Monopoly's Plea For Charity
THE Old Man of the Sea was riding on Sinbad's neck, and Sinbad staggered under the weight. "Help this poor Soul," cried the dear Old Man. "Won't somebody lend him a hand?" The kindly disposed had pity on Sinbad, and gave him a stick with which he supported his tottering steps. The Old Man was much more comfortable, and grew more fat. Sinbad's knees were giving away. "How miserable the lower classes are!" said the good Old Man. "We must have systematic aid." The benevolent folks got a long crutch for Sinbad. He got on better, so the Old Man piled his baggage on Sinbad's back. Sinbad reeled, and almost fell. "He should have religion," cried the: pious Old Man. So he rode him to church three times a week.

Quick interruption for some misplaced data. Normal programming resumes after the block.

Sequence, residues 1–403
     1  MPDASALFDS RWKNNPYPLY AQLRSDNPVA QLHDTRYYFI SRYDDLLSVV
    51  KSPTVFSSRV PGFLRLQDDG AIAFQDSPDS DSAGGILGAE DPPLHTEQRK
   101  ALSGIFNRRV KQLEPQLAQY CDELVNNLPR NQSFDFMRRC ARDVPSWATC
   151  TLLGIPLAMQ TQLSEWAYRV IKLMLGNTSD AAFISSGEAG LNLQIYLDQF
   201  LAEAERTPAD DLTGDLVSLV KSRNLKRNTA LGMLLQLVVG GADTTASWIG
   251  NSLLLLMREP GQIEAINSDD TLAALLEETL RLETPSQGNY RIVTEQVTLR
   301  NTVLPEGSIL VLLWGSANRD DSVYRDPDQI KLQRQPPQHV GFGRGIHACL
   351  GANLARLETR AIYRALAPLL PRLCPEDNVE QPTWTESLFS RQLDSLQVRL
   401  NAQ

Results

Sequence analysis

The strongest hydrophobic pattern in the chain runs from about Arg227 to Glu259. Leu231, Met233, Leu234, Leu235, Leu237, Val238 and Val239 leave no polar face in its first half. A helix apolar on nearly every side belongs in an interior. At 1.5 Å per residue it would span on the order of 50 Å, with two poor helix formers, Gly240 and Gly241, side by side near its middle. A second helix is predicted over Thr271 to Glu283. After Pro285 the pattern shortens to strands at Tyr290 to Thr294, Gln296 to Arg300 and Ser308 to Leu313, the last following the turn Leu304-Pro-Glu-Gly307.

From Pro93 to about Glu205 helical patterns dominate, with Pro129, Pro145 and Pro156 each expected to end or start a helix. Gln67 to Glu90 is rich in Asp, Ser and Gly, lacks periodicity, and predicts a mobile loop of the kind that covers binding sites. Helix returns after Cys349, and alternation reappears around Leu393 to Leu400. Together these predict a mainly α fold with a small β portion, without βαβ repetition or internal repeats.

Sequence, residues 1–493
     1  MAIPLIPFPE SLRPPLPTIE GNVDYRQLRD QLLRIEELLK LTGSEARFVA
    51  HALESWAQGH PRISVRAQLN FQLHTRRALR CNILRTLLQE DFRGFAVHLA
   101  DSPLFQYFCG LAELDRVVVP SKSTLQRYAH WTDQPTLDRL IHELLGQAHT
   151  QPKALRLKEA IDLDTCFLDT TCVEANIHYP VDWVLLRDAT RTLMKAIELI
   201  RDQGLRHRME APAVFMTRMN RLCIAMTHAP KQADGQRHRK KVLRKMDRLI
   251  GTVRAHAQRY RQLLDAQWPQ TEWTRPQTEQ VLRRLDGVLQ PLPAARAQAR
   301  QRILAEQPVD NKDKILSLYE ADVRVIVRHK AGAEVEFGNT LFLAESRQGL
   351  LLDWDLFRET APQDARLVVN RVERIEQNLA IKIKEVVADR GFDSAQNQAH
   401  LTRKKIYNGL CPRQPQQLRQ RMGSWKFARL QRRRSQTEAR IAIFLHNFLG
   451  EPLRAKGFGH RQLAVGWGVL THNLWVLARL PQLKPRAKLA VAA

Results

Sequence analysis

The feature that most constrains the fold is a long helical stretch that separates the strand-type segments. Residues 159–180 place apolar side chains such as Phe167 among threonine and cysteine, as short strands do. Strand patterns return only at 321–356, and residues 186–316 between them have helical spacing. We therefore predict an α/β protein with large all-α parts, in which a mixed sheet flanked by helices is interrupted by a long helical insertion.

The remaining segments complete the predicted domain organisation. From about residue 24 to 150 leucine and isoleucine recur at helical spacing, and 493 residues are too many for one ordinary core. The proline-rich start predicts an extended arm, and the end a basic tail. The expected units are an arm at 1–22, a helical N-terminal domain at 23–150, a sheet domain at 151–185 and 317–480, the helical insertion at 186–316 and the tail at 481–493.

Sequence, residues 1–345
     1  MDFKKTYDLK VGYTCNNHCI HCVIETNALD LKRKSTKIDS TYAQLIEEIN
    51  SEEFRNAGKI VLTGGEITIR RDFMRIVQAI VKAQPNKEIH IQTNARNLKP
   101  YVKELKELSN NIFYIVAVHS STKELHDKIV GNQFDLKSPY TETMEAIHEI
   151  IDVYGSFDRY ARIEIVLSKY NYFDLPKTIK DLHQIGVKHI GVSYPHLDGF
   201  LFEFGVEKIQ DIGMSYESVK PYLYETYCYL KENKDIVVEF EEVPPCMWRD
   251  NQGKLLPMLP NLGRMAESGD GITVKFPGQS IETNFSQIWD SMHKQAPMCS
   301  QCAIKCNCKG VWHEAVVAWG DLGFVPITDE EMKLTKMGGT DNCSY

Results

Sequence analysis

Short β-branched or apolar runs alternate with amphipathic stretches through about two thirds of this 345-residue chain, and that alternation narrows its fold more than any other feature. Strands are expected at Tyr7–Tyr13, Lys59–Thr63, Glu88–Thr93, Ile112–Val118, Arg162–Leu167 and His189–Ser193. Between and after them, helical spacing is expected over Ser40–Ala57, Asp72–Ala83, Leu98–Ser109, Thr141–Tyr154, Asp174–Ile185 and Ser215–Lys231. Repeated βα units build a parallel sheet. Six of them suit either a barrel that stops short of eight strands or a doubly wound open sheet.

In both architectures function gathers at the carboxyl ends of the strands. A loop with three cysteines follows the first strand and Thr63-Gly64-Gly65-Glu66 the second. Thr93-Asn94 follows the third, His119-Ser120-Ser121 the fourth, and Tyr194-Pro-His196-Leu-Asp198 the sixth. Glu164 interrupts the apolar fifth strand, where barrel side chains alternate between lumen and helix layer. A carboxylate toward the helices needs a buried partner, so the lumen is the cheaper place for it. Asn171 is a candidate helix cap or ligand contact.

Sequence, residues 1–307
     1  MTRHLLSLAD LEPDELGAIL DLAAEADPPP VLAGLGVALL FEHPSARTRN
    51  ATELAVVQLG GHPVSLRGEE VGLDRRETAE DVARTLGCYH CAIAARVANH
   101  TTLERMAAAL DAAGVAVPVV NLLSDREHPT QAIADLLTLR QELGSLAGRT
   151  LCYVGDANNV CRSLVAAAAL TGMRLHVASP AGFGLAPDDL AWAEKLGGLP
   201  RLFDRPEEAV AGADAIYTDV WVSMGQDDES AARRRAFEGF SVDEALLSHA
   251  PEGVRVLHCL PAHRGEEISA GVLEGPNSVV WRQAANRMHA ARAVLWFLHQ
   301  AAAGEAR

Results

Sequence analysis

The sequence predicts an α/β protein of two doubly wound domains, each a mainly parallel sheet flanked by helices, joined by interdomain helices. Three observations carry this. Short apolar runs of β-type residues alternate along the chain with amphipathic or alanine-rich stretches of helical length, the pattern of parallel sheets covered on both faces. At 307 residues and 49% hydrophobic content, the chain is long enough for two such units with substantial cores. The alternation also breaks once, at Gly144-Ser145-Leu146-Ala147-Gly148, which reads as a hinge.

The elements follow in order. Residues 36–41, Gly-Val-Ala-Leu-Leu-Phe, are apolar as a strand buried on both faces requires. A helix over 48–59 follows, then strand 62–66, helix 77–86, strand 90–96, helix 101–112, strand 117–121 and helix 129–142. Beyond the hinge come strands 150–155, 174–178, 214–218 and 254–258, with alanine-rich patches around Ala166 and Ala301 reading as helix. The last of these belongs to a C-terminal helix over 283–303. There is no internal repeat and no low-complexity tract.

Still Sinbad staggered about. "It's moral restraint that Sinbad needs," said the pleasant Old Man. So he gave some of Sinbad's breakfast to a dog to snap at his heels. Sinbad pitched blindly on. "Education is what he wants,' said the kind Old Man. "I'll teach him to trot." So he jumped up and down, as if Sinbad were trotting. Sinbad seemed as weary as ever. "The condition of the labourer is intolerable," cried the sweet Old Man. "He must have government aid." So he made Sinbad fan himself with his hat.
But Sinbad became dissatisfied, and even dishonest. So he "upset society," and threw the Old Man off into the sea. Poor Old Man! deprived of his vested rights and position; not even done by degrees. The unhappy Old Gentleman should have compensation—from Sinbad.